Ahead of this week's results, one industry expert thinks Tesco shares are significantly undervalued.
As Tesco (LSE:TSCO) boss Dave Lewis prepares for another go at winning over a sceptical City, the supermarket giant has been boosted by the support of one leading broker today.
UBS analysts think that Tesco shares are significantly undervalued at their current price of 229p, with the chain meriting a price of 315p given the impressive headway made during a "broad-based and sustainable recovery" over the past four years.
Lewis, a former Unilever (LSE:ULVR) executive, will reveal further insight on Tesco's progress at Thursday's first quarter trading update, as well as at its annual capital markets day in Welwyn Garden City on June 18. He's already primed retail analysts to expect a "pretty full day" as the Tesco management team sets out the "untapped value opportunities" available for the chain.
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UBS analyst Sophie Wu thinks these opportunities are greatest in the UK, where the recently combined Tesco and Booker entity has a particularly strong position in the higher margin food service channel. She's also looking for an upside in Asia, where Tesco is capable of driving margins through own-brand products and scale in the Thai market.
She believes the market has significantly undervalued the stock, which continues to trade where it was last autumn despite a strong set of full-year numbers in April and a strengthening of Tesco's competitive position following the Sainsbury's (LSE:SBRY)-Asda merger collapse.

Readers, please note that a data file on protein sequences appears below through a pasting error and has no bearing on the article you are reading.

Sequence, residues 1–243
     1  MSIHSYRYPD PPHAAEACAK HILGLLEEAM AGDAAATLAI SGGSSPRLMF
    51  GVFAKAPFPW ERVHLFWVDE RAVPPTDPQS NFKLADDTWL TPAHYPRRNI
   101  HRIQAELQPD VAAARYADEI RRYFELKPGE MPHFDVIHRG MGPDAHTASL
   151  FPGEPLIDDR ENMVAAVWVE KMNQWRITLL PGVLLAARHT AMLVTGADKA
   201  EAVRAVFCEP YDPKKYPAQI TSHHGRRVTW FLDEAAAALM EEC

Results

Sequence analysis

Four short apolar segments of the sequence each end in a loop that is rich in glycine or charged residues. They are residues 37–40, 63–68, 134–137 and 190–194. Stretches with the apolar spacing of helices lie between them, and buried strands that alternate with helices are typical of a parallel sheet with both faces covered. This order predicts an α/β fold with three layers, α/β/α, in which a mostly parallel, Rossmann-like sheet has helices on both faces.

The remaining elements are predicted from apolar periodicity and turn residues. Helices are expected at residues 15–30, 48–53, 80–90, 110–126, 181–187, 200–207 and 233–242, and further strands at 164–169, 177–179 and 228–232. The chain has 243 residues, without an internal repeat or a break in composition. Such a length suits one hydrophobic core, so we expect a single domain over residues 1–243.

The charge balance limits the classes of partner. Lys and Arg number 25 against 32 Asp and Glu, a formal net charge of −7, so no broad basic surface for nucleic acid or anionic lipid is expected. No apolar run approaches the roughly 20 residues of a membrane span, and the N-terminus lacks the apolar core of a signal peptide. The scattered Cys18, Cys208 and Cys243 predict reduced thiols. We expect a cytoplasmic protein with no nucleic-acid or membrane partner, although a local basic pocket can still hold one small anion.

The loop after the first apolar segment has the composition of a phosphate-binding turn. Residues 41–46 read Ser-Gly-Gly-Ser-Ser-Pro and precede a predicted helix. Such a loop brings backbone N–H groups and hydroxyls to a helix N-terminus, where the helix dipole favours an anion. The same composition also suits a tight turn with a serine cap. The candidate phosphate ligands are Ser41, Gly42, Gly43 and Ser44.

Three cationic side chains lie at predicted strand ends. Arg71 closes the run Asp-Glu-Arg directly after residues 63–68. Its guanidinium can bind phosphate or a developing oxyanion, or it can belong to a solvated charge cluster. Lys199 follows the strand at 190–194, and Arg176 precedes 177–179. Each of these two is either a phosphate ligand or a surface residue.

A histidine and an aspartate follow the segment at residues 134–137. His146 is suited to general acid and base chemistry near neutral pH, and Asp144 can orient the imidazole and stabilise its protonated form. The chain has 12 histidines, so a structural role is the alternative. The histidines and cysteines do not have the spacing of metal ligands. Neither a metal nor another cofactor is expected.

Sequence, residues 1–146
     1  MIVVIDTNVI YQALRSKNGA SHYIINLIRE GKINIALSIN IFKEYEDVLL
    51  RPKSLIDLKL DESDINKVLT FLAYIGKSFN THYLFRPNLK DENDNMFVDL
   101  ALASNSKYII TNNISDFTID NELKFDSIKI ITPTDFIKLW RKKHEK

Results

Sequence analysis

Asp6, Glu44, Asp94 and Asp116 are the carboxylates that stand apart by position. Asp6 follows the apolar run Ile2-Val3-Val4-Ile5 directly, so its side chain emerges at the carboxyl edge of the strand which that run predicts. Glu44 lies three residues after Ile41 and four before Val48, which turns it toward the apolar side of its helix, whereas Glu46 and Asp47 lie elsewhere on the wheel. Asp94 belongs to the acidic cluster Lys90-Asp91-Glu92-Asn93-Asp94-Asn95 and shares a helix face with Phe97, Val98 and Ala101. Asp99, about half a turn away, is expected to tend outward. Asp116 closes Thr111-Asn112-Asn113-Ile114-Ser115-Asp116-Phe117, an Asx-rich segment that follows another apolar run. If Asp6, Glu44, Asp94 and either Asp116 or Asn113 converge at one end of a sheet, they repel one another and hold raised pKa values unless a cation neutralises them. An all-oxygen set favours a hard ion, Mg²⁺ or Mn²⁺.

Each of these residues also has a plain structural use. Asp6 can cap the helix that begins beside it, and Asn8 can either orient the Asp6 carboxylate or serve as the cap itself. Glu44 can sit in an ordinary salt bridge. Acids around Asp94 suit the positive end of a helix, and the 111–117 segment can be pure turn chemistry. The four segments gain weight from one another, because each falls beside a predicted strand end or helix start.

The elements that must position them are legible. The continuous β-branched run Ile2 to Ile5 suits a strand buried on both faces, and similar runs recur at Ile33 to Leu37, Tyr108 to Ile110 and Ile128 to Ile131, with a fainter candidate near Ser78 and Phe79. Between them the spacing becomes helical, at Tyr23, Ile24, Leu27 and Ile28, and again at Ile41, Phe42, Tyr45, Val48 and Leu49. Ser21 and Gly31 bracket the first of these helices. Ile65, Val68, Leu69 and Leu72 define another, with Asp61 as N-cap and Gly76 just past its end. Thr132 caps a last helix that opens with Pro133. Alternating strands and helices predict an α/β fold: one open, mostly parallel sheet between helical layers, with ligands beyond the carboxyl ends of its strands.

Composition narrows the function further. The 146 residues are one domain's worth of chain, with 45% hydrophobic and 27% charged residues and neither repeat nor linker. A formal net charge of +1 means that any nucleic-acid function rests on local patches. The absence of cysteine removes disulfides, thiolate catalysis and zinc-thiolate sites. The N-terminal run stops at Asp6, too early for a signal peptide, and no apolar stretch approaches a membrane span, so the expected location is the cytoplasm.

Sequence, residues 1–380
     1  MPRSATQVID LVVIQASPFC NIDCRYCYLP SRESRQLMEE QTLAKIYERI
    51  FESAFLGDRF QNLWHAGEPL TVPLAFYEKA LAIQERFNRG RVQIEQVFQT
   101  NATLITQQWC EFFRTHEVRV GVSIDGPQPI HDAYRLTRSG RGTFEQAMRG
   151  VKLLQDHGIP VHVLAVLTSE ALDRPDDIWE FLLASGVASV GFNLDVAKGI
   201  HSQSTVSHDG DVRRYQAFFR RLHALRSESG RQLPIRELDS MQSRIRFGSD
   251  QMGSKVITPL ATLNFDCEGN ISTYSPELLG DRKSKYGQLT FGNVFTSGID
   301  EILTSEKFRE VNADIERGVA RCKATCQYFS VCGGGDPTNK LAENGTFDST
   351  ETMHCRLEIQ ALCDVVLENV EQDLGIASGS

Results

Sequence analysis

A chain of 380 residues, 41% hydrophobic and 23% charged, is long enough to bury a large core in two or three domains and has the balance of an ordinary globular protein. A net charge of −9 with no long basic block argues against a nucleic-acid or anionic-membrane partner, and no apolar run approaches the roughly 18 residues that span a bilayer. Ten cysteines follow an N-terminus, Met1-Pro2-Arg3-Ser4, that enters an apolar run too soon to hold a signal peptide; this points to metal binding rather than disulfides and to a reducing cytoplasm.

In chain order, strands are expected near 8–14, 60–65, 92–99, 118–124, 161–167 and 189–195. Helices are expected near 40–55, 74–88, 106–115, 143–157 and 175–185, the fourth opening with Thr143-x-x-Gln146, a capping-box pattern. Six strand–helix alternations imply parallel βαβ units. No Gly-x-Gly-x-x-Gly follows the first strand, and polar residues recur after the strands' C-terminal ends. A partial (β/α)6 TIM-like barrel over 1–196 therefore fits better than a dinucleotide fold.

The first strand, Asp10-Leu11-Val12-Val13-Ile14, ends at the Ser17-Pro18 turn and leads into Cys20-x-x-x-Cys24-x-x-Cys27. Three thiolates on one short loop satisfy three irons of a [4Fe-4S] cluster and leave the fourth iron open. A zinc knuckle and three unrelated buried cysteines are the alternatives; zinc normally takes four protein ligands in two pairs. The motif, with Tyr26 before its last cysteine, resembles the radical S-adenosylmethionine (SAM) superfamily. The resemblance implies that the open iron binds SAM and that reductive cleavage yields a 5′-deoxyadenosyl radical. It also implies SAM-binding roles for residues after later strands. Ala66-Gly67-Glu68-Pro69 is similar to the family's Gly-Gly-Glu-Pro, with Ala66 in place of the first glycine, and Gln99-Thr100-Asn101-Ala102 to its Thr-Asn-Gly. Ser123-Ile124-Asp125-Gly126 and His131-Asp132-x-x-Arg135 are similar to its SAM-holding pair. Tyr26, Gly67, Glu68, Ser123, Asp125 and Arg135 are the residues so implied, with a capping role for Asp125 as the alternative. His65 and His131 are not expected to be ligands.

"Consistent margin rebuild in its UK business and like-for-like growth outperformance reflects genuine reconnection with shoppers and superior terms of trade that culminates from innovative approaches with suppliers."
She notes the market's current consensus of 19.8p for earnings per share in the 2021 financial year is 7% below the company's own targets for its long-term incentive plan. UBS is more positive about Tesco's mid-term growth potential at 8% above the 2021 consensus.
The broker also thinks there's scope for Tesco to start a buy-back programme once it has hit its leverage target after the 2021 results. That would be a significant landmark for a company that slashed its dividend in 2014 in order to give Lewis the firepower to rebuild the supermarket.
Lewis has already pledged to grow the dividend to around two times cover in this financial year before adopting a 50% pay-out ratio.
One reason for the market's caution is likely to be ongoing fears over UK consumer confidence and the continued expansion of discounters Aldi and Lidl. Faced with strong comparatives as well, UBS thinks Thursday's update will show like-for-like sales growing by a modest 0.7% at Tesco and 4.5% for Booker.
Tesco is still likely to have benefited from the merger distractions facing its two biggest rivals, Sainsbury's and Asda.
Tesco's own high-profile acquisition of Booker is already integrated and looks to be a strategic triumph, with the cash-and-carry chain adding £196 million of profits and £79 million of synergies to Tesco's recent full-year operating profit of £2.2 billion.
Tesco has now met the vast majority of its turnaround goals, including in terms of competitiveness. One of the most significant targets has been to achieve a margin of between 3.5% and 4%, which the chain managed in the second half of last year with a figure of 3.96%.
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